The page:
Was It Really That Bad: Terminator: Salvation

The Terminator films have been living in their own shadow ever since Terminator 2. Sitting at an impressive 8.5 on IMDb, it built on the foundations of the original, introduced the iconic T-1000, and advanced special effects forever. Which to be fair, is quite hard to beat. It’s little wonder then that the following instalments have been considered disappointments. With three different attempts at launching a new trilogy, and desperately trying to live up to its own legacy, it’s future is uncertain

Back in 2009, after the disappointing third instalment, came Terminator: Salvation. Moving on from Judgement Day, the post-apocalyptic war with the machines is in full swing, and Batman is John Connor. While Bale’s infamous rant is more well-remembered than the film itself, several other sequels have come and gone. Salvation currently sits at a 6.5 on IMDb, the highest of any post T2. So is it really that bad?

“There is no fate but what we make”

Christian Bale as John Connor and Anton Yelchin as Kyle Reese are highlights (Columbia Pictures, 2009)
Christian Bale as John Connor and Anton Yelchin as Kyle Reese are highlights (Columbia Pictures, 2009)

Salvation is set in the distant future of 2018. Judgement Day has been and gone, Skynet is at war with humanity. John Connor is all grown up and fighting the machines. Which seems like the natural next step for the series and actually seeing the future is pretty cool. Some of the new terminator designs are also interesting, but nothing comes close to the T-800 or T-1000. Christian Bale makes Connor the figure he is described as in the original. Likewise, Yelchin’s Kyle Reese is an interesting younger version of the one we know. As a premise, that’s pretty solid and interesting.

The film focuses on Marcus, a criminal who sold his body to science and wakes up in this dark future. Upon his resurrection, he meets Kyle Reese, who is looking for the resistance. John Connor meanwhile has a plot to destroy Skynet and the film jumps between these two stories. All seems pretty promising so far. Unfortunately, Marcus isn’t much of a character. This is likely due to rewrites, where John Connor appeared briefly at the end before his role was expanded. But the most interesting thing about him is the obvious twist – he’s a terminator. It does actually seem like a logical jump, after all, the T-800 learnt to about being human. But the film never does much with it

“We’ve been at war since before either of us even existed”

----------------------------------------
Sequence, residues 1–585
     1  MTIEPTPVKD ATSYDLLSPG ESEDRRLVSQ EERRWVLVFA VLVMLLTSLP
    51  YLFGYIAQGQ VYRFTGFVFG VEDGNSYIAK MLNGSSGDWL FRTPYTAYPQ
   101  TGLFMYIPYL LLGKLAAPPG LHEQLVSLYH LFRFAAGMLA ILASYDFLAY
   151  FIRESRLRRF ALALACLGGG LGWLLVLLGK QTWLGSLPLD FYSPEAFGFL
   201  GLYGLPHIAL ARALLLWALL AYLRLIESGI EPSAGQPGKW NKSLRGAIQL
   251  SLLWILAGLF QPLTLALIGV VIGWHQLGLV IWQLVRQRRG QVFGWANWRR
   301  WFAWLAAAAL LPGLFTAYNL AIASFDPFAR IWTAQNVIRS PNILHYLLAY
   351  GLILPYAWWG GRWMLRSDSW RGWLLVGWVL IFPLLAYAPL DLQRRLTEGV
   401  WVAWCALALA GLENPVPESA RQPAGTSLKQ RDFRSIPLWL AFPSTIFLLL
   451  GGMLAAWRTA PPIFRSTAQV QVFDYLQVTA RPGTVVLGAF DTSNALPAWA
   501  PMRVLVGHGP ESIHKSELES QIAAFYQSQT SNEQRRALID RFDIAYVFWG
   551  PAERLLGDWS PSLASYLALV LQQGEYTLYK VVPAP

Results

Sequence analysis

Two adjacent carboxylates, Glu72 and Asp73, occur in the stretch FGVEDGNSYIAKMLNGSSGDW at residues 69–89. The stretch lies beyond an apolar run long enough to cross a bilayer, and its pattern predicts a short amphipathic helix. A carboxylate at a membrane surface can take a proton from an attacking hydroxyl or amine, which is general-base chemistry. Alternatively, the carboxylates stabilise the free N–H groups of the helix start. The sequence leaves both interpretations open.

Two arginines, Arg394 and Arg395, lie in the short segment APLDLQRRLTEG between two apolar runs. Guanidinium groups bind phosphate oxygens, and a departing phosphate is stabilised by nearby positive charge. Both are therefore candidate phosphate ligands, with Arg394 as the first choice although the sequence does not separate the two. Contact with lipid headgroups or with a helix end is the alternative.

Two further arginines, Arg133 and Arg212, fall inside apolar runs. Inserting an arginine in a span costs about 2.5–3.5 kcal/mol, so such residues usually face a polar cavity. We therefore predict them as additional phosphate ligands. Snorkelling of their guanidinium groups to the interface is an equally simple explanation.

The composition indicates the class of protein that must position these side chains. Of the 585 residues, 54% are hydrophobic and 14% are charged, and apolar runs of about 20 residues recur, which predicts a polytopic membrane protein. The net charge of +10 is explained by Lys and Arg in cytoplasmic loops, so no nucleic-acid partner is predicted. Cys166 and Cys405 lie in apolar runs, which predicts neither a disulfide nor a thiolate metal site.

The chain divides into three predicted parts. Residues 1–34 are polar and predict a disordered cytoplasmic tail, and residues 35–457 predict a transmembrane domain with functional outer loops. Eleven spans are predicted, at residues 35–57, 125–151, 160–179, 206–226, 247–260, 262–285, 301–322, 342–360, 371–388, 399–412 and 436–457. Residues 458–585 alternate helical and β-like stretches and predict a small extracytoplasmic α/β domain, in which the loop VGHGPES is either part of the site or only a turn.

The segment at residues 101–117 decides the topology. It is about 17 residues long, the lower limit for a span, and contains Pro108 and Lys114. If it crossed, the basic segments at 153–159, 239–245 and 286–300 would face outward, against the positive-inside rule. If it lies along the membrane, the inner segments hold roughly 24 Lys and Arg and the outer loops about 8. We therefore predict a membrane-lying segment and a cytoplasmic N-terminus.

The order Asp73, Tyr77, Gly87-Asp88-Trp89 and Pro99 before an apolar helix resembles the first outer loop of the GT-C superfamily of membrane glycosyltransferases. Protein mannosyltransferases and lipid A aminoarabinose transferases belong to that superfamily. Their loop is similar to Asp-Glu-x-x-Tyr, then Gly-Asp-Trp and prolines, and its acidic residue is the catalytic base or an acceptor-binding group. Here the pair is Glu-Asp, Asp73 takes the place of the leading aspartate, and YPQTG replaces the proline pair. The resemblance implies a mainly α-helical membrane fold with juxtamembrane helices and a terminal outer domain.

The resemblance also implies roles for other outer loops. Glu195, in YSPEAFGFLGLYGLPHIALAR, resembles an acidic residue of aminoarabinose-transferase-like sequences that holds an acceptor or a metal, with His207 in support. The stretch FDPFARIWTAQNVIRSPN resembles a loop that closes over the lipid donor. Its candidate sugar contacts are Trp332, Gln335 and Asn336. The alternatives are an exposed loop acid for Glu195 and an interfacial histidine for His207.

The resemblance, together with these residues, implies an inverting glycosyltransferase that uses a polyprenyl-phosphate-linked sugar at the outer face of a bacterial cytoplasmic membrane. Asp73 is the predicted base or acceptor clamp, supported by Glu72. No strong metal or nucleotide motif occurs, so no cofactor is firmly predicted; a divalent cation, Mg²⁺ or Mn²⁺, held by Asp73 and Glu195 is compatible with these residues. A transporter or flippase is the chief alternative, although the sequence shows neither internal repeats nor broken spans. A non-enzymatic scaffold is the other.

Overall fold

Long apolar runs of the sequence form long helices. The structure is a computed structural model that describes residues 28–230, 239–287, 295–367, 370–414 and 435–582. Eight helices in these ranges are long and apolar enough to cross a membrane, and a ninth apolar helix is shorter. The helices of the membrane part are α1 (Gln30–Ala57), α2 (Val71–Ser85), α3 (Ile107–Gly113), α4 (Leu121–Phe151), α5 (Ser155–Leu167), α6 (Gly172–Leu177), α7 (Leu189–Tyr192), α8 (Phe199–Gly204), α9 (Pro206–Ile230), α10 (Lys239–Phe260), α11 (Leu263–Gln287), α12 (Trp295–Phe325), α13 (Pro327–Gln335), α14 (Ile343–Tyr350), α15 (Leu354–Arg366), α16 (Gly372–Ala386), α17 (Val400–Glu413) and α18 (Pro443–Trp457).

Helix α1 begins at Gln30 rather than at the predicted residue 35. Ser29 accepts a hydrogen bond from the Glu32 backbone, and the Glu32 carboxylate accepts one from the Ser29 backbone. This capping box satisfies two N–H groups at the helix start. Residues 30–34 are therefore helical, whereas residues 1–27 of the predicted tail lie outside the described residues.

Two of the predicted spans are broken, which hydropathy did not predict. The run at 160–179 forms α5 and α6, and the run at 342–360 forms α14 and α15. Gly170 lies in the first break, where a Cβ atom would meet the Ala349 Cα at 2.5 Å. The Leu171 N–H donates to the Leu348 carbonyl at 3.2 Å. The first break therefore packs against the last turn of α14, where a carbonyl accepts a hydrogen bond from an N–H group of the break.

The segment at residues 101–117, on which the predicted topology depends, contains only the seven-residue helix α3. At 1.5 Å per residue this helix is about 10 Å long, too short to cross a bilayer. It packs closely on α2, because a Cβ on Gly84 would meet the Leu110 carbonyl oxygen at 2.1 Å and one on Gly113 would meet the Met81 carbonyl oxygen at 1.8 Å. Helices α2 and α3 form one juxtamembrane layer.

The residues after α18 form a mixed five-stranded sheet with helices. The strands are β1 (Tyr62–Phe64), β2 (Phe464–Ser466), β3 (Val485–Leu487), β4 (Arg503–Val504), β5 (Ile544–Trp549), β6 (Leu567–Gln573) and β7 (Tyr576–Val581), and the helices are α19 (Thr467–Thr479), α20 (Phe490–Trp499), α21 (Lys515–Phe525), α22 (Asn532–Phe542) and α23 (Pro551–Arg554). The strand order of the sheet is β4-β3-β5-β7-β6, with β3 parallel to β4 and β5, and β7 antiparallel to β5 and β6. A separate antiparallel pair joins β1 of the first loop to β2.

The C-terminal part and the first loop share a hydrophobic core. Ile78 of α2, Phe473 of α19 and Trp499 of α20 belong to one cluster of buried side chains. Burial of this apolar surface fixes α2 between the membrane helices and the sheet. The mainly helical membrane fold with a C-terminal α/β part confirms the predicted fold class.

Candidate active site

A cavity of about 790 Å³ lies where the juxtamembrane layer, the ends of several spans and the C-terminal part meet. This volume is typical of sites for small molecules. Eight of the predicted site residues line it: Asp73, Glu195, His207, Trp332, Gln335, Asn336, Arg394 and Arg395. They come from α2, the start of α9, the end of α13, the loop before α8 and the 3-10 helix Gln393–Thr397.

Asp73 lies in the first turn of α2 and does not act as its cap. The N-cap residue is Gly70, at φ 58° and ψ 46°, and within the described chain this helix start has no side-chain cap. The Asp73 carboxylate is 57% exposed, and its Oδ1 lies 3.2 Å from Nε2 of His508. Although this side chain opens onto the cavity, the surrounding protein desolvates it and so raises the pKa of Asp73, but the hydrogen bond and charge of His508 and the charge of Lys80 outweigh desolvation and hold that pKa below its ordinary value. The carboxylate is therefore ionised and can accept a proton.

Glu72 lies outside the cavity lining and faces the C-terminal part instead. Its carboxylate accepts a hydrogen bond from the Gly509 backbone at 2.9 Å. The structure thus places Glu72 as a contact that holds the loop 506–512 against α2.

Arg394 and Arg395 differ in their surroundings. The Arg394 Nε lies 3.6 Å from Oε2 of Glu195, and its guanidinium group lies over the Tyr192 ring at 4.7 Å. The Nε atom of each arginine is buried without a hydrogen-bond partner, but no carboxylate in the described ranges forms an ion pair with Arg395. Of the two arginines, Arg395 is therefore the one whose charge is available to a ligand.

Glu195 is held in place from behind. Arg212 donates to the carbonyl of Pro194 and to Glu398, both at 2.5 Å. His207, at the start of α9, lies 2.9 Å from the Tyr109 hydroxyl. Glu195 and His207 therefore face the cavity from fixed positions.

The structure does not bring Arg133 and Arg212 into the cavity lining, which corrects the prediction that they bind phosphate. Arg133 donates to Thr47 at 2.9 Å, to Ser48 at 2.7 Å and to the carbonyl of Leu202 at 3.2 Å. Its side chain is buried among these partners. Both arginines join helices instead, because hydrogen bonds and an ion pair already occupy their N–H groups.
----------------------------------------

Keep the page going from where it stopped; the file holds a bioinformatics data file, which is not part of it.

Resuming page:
Sam Worthington in Terminator: Salvation
A Terminator who think he’s human is an interesting idea (Columbia Pictures, 2009)

The reveal that Marcus is a terminator, while interesting, is blindingly obvious. It does lead to an interesting exchange with Connor when the two finally meet, but when the evil plan is revealed to Marcus, it’s too late to care. It also makes little sense, with Kyle Reese already being a prisoner, the machines can just kill him and win. No going back in time so no John Connor. Game over.

Despite the weak plot, the action itself is serviceable, except for the finale. The final battle opts for the usual terminator in a factory battle, like every other film in the series. Except for this time, Arnie is CG because he was busy. Like the rest of the film, it looks the part but isn’t particularly inventive. The final battle, despite supposedly the whole resistance launching an assault, only features John and Marcus. Even Kyle Reese, who most of the film has revolved around in some form, sits out the fight.

The ending is perhaps a microcosm of the film itself, a lot of potential and interesting ideas but not wanting to alienate fans. After being mortally wounded by the T-800, John Connor is dying. Earlier drafts of the script featured Marcus taking on his likeness to continue his legacy and inspire hope. An even darker ending would have “John Connor” proceed to kill everyone. While these would certainly be controversial twists, at least they would be memorable and make an impact. As is, Marcus sacrifices himself to save John Connor and…that’s it. The heroes fly away, and the credits roll

Was it really that bad?…. Yes

Despite having some adequate dumb action scenes, the characters are so uninteresting that there is no reason to care what happens to them. The events of the film don’t seem to make much of an impact on the character or the war. Nor does it add anything to the previous entries. It just feels rather mechanical. There is a great deal of potential here, it’s just a shame none of it is realised. Perhaps in an alternate timeline, this would be a much better film.

Also Read: Was It Really That Bad?: Jennifer’s Body

Like this article? Get the latest news, articles and interviews delivered straight to your inbox.